83. John McLaughlin

    Inducted in 1984

    John McLaughlin has been widely recognized for his civic service and contributions to many causes, including disadvantaged youth, and assisting underprivileged children. He was named R.I. "Big Brother of the Year" in 1982 and a recipient of the R. Read more >

  84. De Ormand "Tuss" McLaughry (1893-1974)

    Inducted in 1971

    Tuss McLaughry, 1893-1974, was the famed coach of Brown University's "Iron Man" team of 1926. "Tuss" coached at Amherst for thirty-five years, then at Brown, and Dartmouth. He was President of the American Football Coaches Association, and the long-time Secretary of that organization. The Tuss McLaughry Award is given to a distinguished American (or Americans) for the highest distinction in service to others. Read more >

  85. Dr. Eleanor M. McMahon (1929-2002)

    Inducted in 1986

    Dr. McMahon was the Rhode Island Commissioner of Higher Education and former Provost and Vice President for Academic Affairs at Rhode Island College. A Brown University Alumni Trustee, she has been the recipient of five honorary doctoral degrees and is the author of twenty treatises on education .Beginning her distinguished career as a classroom teacher in Pawtucket, she devoted her life to education. Read more >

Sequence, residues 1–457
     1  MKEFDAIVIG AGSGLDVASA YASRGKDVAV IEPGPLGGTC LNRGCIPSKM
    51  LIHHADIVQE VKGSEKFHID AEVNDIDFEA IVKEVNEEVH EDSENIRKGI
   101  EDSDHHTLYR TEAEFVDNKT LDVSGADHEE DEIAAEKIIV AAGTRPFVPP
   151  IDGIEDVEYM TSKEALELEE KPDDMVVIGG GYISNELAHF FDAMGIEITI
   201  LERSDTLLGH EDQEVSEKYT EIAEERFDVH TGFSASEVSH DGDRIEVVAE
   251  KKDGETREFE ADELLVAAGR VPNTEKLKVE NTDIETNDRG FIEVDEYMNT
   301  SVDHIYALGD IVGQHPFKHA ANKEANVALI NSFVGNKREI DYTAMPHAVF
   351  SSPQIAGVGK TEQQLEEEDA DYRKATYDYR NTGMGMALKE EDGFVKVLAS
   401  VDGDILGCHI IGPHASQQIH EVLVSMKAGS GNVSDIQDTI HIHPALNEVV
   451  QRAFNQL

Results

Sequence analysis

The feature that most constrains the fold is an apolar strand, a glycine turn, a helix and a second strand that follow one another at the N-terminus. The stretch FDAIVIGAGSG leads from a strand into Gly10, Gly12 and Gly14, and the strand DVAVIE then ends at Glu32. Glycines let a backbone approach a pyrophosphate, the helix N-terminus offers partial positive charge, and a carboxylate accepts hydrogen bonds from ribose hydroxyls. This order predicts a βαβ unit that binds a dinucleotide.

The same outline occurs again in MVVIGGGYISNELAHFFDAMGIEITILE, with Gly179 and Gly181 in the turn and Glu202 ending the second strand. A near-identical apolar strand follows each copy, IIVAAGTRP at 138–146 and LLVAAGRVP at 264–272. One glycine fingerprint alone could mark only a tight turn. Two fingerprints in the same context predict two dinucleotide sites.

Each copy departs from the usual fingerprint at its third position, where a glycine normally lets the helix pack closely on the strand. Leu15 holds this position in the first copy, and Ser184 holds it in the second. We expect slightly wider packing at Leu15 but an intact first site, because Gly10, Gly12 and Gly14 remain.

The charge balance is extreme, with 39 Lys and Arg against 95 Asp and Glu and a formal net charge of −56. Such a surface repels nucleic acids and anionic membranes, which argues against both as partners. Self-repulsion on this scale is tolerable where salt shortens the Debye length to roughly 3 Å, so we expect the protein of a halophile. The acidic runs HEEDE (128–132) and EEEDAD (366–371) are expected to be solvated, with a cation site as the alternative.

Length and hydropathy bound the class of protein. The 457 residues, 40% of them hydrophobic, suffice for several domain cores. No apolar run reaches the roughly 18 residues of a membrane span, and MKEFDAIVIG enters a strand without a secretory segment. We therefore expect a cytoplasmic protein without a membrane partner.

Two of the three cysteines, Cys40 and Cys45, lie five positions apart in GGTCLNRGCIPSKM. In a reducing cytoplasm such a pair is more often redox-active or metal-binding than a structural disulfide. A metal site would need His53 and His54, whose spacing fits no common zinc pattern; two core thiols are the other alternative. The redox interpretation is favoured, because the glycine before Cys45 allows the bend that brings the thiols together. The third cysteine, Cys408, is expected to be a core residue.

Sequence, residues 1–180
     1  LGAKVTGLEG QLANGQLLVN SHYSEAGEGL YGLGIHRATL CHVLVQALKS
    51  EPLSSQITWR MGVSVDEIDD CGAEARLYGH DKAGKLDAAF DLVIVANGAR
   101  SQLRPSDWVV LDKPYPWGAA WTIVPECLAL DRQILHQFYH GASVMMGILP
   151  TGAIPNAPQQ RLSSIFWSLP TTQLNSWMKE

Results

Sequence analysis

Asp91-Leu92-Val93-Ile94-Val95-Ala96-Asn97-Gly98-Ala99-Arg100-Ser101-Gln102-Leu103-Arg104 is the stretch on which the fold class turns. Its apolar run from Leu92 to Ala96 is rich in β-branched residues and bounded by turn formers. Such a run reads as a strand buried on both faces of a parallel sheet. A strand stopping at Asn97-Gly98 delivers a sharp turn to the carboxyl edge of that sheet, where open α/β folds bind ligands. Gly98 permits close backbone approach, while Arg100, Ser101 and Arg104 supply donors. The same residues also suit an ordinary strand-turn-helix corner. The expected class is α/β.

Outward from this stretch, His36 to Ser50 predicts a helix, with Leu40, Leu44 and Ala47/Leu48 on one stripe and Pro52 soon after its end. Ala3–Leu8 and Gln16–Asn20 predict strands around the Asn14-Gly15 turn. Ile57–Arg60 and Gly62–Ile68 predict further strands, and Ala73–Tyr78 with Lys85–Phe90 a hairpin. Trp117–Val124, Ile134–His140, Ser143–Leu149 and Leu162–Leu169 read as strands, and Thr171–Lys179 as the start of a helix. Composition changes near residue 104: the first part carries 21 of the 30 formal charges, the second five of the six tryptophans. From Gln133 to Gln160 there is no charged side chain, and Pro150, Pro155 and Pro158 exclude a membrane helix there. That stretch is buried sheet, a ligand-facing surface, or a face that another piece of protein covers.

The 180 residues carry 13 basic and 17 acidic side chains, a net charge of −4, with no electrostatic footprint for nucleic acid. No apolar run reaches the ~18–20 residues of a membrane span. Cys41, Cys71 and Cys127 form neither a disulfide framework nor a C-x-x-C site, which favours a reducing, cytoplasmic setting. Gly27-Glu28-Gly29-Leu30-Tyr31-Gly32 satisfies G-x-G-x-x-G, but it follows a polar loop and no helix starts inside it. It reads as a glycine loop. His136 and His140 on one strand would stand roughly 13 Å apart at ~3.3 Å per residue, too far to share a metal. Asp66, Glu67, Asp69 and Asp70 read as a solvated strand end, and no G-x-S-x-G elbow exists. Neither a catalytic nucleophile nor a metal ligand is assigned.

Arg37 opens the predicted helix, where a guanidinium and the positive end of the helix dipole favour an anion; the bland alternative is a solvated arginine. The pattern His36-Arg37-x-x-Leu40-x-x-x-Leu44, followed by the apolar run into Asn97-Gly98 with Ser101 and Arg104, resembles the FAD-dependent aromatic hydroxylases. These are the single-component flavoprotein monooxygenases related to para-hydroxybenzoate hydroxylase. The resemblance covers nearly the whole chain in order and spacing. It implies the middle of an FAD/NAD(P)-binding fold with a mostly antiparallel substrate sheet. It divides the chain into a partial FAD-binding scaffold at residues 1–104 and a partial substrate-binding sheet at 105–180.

86. Alexander Meiklejohn

    Alexander Meiklejohn (1872-1964)

    Inducted in 2015

    Alexander Meiklejohn, 1872-1964, Alexander Meiklejohn was a most unusual man, a dissenter in the mode of Roger Williams! He came to Rhode Island in 1880, when he was eight years old, the youngest son of a Scottish working class family. After a brief stay in Warwick, Alexander moved with his family to Pawtucket where he grew to manhood. He said of himself that he was brought up on the bible and “Bobbie” Burns, with an emphasis on the latter! His formal education came at Brown University where he studied, and later taught philosophy. A loyal alum he came back often to Brown from the various pursuits of his long life. Read more >